Kaufman creates another genius work.

Mar 24, 2004 at 12:00 am

“Written by Charlie Kaufman.” For those familiar with Being John Malkovich and Adaptation, those four words express an enormous amount of information about what you will experience when sitting down for his latest, impossibly difficult to describe, wholly brilliant film, Eternal Sunshine of the Spotless Mind.

Kaufman has achieved something rare in Hollywood. People refer to films he’s written as “Kaufman films.” They are not referred to by their director’s name (although Spike Jonze arguably deserves props for Malkovich), nor their lead actor’s name. Like veteran screenwriters David Mamet and Paul Schrader, Kaufman writes films that radiate such a creative and individualistic force of nature that they could belong to no other soul than that which created them. It’s impossible to pick out the influences, to dissect them and say which “school” or which “genre” they belong to. In the arts, that’s generally the definition of “genius.” Although that word is overused to sickening effect to describe anyone and anything with the least bit of talent these days, Kaufman earns the tag with every screenplay he pens.

Evidence of his genius is how ineffectual, how far off the mark one is when trying to summarize or review his plots for people who haven’t seen one of his films. Does saying that Being John Malkovich is about a puppeteer who finds a portal into the title character’s mind actually tell you what that movie was about? Well, sort of. But not really. By summing up Adaptation as a movie about a screenwriter’s struggle to adapt a book about orchids, have you actually conveyed anything meaningful or consequential about that film? No. The heart and soul of those movies, and the heart and soul of Eternal Sunshine, cannot be conveyed with a scene-by-scene wrap-up. As a matter of fact, it’s unfortunate that I have to tell you anything about the film other than that you should see it. There are so many surprises, so many loop-de-loops and back flips and sheer delights of discovery in this film that it’s unfortunate that any of its contents will be spilled out of sequence and without context. That includes the opening scenes, in which what you think is happening is not really happening that way at all.

The opening, with Jim Carrey’s character Joel getting his day going, running off to greet his commuter train, is about the only part of the narrative that unfolds according to any kind of cinematic convention. On that day, while sleepily waiting for the train that has taken him hundreds of times to some shitty job across town, Joel Barish throws caution to the wind and decides he’s going to play hooky. Taking another train, he meets Clementine Kruczynski, portrayed with punk-rock exuberance and a perfect American accent by British actress Kate Winslet. The two don’t so much as meet as Clementine throws herself at him. Shy and withdrawn Joel, while nervous and cautious at the intrusion, seems to warm to this outgoing and outspoken distraction from his woes. With blue hair, a quick wit and sexy charm, Clementine befriends her “opposite” and they wind up spending a weird and romantic “date” in the Long Island town of Montauk. The town will play a very pivotal and bittersweet role at the end of the film.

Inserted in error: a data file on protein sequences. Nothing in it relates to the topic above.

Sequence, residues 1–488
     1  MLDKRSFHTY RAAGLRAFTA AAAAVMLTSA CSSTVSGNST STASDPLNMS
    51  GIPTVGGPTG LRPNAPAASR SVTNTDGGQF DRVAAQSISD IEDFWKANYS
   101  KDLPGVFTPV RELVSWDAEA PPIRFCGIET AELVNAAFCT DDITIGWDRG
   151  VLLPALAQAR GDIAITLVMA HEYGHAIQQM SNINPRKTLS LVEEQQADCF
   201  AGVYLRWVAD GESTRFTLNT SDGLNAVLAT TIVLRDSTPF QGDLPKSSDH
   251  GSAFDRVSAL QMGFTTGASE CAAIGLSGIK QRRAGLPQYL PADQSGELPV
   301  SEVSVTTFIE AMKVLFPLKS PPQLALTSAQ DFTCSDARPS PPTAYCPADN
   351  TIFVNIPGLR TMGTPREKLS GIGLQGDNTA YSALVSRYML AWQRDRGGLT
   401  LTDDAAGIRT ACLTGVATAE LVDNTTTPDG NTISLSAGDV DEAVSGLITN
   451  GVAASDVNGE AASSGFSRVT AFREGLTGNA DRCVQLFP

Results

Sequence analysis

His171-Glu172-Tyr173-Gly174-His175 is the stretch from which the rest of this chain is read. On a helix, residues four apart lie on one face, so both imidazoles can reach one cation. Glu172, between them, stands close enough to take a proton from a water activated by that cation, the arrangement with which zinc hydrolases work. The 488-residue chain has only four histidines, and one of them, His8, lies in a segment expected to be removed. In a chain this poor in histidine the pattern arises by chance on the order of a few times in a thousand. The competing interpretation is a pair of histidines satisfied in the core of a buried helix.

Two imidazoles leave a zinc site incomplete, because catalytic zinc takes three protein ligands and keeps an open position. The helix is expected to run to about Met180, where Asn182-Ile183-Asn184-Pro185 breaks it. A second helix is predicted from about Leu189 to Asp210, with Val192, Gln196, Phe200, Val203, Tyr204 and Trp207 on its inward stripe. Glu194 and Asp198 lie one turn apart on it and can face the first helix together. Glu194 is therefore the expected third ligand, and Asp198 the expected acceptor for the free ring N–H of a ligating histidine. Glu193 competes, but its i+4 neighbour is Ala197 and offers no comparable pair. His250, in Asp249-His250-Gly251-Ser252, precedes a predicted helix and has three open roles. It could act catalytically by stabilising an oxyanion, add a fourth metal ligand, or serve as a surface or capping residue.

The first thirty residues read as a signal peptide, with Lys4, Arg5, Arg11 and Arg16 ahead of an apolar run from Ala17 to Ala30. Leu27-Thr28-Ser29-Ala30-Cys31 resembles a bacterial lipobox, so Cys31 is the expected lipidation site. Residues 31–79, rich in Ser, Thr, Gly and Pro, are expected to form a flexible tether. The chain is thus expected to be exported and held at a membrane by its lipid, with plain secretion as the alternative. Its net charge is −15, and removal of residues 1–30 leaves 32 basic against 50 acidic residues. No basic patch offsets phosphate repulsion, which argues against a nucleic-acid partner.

I wish I could just stop here, and let every single moment following these rather run-of-the-mill romantic comedy opening scenes just roll over you like a bulldozer. What follows will knock you silly, upending every single concept of storytelling that you’re probably used to. The obligation to tell you that this wasn’t the first time Joel and Clementine met requires me to tell you the other major plot point of the film.

After a bizarre rejection from Clementine at the video store she works at, Joel learns through his friends that Clementine has erased him from her mind. Livid, he decides he’ll have the procedure done as well. But once the process starts, Joel realizes he doesn’t want to erase his dear Clementine. His struggle to keep his memories is pure Kaufman, a story in which time and memory as well as the constructs of love and regret and loss are blasting at you from all sides.

This is really where the film begins, and where this review will end, because it would be a crime to transcribe the phantasmagoric journey that Joel is subjected to. Let Kaufman, the genius, tell the story in his own way. We, dear friends, simply aren’t worthy.

Dan DeMaggio writes about film for Metro Times. E-mail [email protected].